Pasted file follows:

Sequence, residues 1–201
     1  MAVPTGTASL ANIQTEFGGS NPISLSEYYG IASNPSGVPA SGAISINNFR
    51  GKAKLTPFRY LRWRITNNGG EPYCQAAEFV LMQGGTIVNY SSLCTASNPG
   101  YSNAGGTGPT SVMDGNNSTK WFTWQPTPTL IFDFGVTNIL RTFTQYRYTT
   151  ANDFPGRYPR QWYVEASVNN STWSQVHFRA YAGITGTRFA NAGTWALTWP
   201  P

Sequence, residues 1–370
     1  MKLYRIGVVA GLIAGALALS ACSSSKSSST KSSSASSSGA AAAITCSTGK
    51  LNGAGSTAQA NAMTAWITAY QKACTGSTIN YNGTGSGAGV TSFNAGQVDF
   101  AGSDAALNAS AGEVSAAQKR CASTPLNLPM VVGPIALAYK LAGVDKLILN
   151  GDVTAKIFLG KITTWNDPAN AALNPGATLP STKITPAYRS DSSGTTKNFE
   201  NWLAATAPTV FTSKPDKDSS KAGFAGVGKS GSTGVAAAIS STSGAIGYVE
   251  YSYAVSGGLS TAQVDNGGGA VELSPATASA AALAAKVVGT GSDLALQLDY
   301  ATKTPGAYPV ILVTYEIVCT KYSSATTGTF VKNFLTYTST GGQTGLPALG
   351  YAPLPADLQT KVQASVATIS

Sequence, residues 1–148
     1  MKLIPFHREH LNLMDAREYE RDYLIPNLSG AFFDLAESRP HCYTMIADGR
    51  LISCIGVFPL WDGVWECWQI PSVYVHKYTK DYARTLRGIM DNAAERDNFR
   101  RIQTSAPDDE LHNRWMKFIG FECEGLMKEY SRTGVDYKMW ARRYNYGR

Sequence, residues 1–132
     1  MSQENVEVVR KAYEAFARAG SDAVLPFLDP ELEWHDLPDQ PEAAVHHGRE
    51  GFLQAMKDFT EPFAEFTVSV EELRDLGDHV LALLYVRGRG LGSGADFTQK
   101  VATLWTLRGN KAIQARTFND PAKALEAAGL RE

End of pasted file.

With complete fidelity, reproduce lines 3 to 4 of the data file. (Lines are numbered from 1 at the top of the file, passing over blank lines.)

    51  GKAKLTPFRY LRWRITNNGG EPYCQAAEFV LMQGGTIVNY SSLCTASNPG
   101  YSNAGGTGPT SVMDGNNSTK WFTWQPTPTL IFDFGVTNIL RTFTQYRYTT